Facing Loss

Grant and Lorna Baker serve on the eldership team of Joshua Generation Church, and Lorna has contributed this article on facing loss from her wealth of experience gained from her private practice in counselling.

 


“Her absence is like the sky, spread over everything” – C.S. Lewis

 

How are we, as Christians, called to walk through the dark valley of grief at the loss of a loved one? Many of us have experienced that deep, soul-wrenching encounter with grief. And when it comes, it too often arrives unannounced, breaking into our world like a tsunami, speedily turning the landscape of our lives into an unrecognisable ground zero of destruction. Everything else of importance fades into the background as this tumultuous season of loss, confusion, pain, disbelief, and inconsolable sorrow takes centre stage in our hearts and lives, spreading out over every aspect of our being.

Grief and loss entered the human experience when Adam and Eve sinned. Genesis describes the profound impact of that choice when, suddenly, they knew the loss of innocence (their eyes were opened to good and evil), the loss of covering and protection (they knew they were naked, so clothed themselves), separation and loss of intimacy with the Lord (they hid from the presence of the Lord), loss of peace and trust (“I was afraid because I was naked, so I hid”), the loss of unity (“the woman whom you gave me, she gave me fruit of the tree, and I ate”) and the loss of paradise (“therefore the Lord sent him out from the garden of Eden to toil the ground”). And ultimately, they faced the loss of life as the reality of sin and death confronted them (Cain killed his brother, Abel). From then on, their lives, once untouched by evil, sin and the fall, became stained with ongoing loss.

The very heart of the Gospel message…becomes our victory cry in the face of death.

Yet that is not the end of the story for those who put their trust in Christ. The very heart of the Gospel message – that God Himself provided a way for us to be brought from darkness, alienation and death into light, reconciliation and life through the death and resurrection of His Son, Jesus – becomes our victory cry in the face of death. While we live in a world of suffering and death, suffering becomes a redemptive pathway of refining and faith (James 1:2-4; Romans 5:3-5), and death ultimately loses its sting (John 4:1-3;1 Thessalonians 4:13), because of the amazing gift of eternal life.

What can we, as believers, expect to face when we lose a loved one?

 

What Can We Expect?

1. Recognise that everyone processes grief differently

Most would say that we never fully get over the loss of a loved one. The overpowering ache and grief that hit us every morning as we awaken in the beginning days and weeks, gradually become more bearable as weeks turn to months. But even as months turn to years, we carry that sorrow as a trophy of love, and as a reminder that this person deeply impacted our world.

Though the process of grieving is varied, and the intensity and length of time we grieve will be unique to each of us, there are still common stages that we can expect.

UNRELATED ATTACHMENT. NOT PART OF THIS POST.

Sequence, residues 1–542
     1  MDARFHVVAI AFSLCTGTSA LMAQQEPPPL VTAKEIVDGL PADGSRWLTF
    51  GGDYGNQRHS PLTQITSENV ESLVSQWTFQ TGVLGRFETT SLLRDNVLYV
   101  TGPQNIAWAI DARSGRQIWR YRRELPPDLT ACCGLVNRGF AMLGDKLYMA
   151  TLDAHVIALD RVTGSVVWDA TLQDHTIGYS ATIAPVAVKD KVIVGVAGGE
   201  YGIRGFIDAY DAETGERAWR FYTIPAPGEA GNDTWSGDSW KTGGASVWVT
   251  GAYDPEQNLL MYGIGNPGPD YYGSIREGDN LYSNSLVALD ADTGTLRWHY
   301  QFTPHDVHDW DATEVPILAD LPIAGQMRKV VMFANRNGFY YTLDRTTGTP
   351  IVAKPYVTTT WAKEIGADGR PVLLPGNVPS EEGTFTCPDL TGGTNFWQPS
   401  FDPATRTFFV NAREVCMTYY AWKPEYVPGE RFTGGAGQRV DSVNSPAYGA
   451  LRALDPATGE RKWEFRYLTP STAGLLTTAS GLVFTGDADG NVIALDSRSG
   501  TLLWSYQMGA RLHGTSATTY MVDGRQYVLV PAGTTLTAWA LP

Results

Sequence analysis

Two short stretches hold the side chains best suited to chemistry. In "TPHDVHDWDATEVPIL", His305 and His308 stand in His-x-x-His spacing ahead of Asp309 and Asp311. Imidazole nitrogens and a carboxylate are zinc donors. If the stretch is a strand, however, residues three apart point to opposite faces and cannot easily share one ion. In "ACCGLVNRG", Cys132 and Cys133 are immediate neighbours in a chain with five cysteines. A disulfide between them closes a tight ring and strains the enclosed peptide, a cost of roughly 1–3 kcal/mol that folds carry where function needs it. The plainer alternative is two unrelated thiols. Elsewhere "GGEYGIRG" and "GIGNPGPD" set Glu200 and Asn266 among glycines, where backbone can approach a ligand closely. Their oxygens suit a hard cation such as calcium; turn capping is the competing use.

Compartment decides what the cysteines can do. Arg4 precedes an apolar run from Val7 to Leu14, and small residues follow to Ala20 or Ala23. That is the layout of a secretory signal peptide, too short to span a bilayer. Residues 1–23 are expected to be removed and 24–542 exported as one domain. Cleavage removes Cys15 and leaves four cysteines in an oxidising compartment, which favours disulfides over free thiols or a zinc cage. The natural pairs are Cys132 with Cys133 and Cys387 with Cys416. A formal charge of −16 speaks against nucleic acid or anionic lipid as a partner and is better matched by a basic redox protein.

These stages of grief include:

  • Denial – numbness, disbelief, having little emotion, not grasping the reality of what has happened; it hasn’t sunk in on an emotional level.
  • Anger – “This shouldn’t have happened!”, ”God, how could You have allowed this?”, which could be directed at a system, a person, God, or even oneself.
  • Bargaining with God – “If you will give him back or heal him, I will serve You”.
  • Depression – despair, bleakness, getting lost in the darkness of grief with no seeming way out.
  • Acceptance

Though people may go in and out of these various phases, we eventually, with the support of those around us, come to a place of acceptance. In this place, we are at peace with what has happened. We accept that we can’t change the events, and we begin to find meaning, and even God’s presence or purpose, in our suffering. We feel more hopeful for the future, and we step back into life again. This does not mean that we don’t continue to grieve, feel sad or miss the person. For Christians, the anchor of our acceptance is the character of God – His goodness and faithfulness. Healthy grieving will always result in this final stage of acceptance.

 

2. Look for God and His goodness in the face of our loss

Our hope as believers, and what sets us apart from non-Christians, is first, that death is not the end. For those who die “in Christ”, there is no more suffering for them, and we know that we will see them again in eternity. That can bring great comfort in our loss. And God Himself comes to meet us, to comfort us and speak to us in our loss. Second, we grow to understand that suffering is a part of life, and through suffering, if we look to our good Father, He will meet us and, amazingly, turn even our sorrows into something beautiful. We hold this by faith at first, but gradually, as He meets us, forms us and teaches us about His ways, the suffering becomes a doorway into learning more about who He is, and eventually we see that we have been changed, deepened, softened, healed, and matured through the trial of suffering. And His purpose is always to do us good. (Romans 5:3-5)